“The larger the second number on a binocular (size of the objective), the brighter the image” is one of the most commonly quoted binocular concepts you will hear. I can’t even begin to count all the times I’ve heard sales people making the image brightness pitch to customers. The bigger the better mentality seems to work overtime on this one. Guess that explains why I sometimes need to get a customer to downsize their binocular choice at times. It also explains why I sometimes encounter folks out in the field struggling with the weight of giant binoculars around their neck. …

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18 Jun

Roof prism binoculars are better, optically, than the older porro prism design. Right? Must be true because roof prism binoculars typically cost more than porro prism binoculars and all the top dollar binoculars are roof prisms. Fact or myth?

For those who don’t know the difference between roof prism binoculars and porro prism binoculars, you can recognize a roof prism binocular by its straight barrel body design and porro prism binocular by its offset body design. For more on the design specifics, see my article at How to Understand Binoculars.

Roof prism binoculars offer a slender body design, which most …

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14 Jun

Let’s do an easy one, today.

Some people believe that rubber armoring makes a binocular waterproof or that a binocular needs to be rubber armored to be waterproof. Myth or fact?

Let’s look at a couple of binoculars.

First,the Leica Ultravid BL 8×20 binocular. The Leica BL series of binocular is a leatherette covered binocular, not a rubber armored binocular. “Leatherette” is the old fashioned, textured coating that used to be the standard covering on binoculars before rubber armoring became popular. A quick check of the specs shows that the Leica BL is, in fact, waterproof, just like the rubber …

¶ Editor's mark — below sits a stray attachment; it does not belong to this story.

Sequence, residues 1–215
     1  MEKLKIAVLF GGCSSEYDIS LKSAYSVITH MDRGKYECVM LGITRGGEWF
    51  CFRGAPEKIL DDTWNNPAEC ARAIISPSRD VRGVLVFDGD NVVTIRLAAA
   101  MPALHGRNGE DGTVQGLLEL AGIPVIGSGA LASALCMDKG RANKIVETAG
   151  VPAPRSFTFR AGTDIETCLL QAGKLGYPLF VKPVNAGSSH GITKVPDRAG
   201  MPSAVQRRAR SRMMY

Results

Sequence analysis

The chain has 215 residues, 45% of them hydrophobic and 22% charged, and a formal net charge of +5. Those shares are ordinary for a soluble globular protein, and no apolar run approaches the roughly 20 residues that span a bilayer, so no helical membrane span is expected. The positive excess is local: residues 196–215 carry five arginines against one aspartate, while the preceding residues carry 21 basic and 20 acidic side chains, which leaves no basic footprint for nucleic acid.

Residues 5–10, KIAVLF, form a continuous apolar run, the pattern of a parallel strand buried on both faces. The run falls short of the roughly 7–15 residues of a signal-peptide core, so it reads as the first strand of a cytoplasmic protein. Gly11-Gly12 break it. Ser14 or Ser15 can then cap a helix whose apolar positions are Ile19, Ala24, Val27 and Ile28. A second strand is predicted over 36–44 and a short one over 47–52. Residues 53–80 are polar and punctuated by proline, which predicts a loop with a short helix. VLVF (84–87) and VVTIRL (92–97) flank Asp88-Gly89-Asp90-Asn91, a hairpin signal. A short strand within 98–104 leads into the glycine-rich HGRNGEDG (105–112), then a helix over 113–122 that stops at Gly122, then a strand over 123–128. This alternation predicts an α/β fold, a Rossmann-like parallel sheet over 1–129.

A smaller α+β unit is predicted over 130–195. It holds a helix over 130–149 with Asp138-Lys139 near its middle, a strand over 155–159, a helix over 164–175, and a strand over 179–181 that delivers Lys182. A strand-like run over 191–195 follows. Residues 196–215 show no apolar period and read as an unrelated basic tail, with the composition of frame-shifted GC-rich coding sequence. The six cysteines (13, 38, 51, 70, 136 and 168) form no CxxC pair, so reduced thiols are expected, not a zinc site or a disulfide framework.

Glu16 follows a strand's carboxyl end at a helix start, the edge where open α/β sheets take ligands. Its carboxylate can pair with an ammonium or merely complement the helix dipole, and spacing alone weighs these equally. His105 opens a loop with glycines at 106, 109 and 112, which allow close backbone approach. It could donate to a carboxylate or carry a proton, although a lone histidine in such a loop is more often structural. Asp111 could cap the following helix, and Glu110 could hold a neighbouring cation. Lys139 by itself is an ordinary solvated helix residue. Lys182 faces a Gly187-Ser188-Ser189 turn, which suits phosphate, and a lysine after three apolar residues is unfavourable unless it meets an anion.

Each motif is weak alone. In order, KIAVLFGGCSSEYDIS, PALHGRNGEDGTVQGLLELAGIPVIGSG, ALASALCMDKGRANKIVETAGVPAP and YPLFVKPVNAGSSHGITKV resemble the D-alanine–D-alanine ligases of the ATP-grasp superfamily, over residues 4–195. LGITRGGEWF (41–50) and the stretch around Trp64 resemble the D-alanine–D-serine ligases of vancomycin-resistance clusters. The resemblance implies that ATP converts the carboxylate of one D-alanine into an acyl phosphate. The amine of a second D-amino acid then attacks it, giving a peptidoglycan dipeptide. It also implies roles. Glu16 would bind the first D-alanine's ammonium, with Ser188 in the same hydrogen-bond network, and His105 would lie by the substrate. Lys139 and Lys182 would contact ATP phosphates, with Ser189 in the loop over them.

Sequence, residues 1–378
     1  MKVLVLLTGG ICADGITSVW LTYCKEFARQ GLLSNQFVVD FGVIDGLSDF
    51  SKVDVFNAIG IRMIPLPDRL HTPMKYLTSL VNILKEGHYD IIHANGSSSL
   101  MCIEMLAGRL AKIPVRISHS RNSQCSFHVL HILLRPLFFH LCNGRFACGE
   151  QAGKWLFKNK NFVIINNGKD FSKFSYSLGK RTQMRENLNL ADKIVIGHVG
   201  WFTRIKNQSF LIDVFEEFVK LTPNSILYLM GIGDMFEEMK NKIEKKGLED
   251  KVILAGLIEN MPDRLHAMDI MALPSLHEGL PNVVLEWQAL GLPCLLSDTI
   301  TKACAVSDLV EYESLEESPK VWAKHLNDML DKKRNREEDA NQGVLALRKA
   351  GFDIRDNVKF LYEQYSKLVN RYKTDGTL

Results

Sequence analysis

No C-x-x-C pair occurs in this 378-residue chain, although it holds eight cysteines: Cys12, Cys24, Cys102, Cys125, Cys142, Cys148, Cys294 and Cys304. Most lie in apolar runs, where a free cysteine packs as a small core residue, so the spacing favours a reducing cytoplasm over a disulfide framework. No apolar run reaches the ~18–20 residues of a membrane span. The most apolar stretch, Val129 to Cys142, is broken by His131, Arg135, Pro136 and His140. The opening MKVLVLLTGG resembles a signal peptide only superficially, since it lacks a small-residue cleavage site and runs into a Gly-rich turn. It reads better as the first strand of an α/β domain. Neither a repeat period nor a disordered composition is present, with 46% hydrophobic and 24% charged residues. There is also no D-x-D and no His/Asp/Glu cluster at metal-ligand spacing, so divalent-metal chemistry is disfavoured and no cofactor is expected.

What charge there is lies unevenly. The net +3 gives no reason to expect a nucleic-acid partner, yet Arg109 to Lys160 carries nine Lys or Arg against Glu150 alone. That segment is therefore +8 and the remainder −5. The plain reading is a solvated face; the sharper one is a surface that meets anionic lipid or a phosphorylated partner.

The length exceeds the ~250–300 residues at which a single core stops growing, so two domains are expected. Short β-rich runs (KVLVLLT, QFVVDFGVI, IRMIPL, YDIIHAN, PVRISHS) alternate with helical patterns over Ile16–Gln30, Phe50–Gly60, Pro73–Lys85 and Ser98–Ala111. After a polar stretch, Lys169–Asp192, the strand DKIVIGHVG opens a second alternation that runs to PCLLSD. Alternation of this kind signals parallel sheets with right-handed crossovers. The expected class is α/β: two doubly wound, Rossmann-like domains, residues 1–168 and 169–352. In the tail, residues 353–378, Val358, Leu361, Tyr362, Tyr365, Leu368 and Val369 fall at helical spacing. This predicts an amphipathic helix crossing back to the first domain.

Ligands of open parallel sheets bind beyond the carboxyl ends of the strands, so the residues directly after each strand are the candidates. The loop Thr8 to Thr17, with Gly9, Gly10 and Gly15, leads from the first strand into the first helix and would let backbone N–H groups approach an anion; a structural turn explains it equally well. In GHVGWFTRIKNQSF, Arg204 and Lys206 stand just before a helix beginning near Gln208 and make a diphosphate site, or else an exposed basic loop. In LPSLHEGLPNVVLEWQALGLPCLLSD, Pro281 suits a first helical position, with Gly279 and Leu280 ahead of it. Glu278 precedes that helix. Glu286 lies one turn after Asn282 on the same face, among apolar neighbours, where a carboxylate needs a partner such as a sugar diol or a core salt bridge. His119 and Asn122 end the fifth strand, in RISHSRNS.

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13 Jun

As a binocular expert, I do my best to educate. If you visit our website at, you will find a number of binocular articles that explain the basics. These include: Astronomical Binoculars, How to Understand Binoculars and Buy Binoculars, How to Choose a birding binocular, How to Choose a Hunting Binocular, and High Power Observation for Home and Office.

Since I am a big fan of the TV show, Myth Busters, I though it might be fun and useful to continue along this line by using my new blog to bust some popular binocular myths. Today, I’d like to …

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12 Jun


It’s me, Joanie. I will be taking over this blog and adding it my existing Optics blog. Just wanted to let you know in case you visit my Optics blog and don’t see as much talk on binoculars. Didn’t want you to think I’ve lost interest in binoculars (fat chance). Since one of the basic rules of optics is that you can’t shut Joanie up on the subject of binoculars, I may just blog on binoculars on both sites. This blog, though, will be centered on binoculars.

There will be some changes, here, and those changes will reflect the …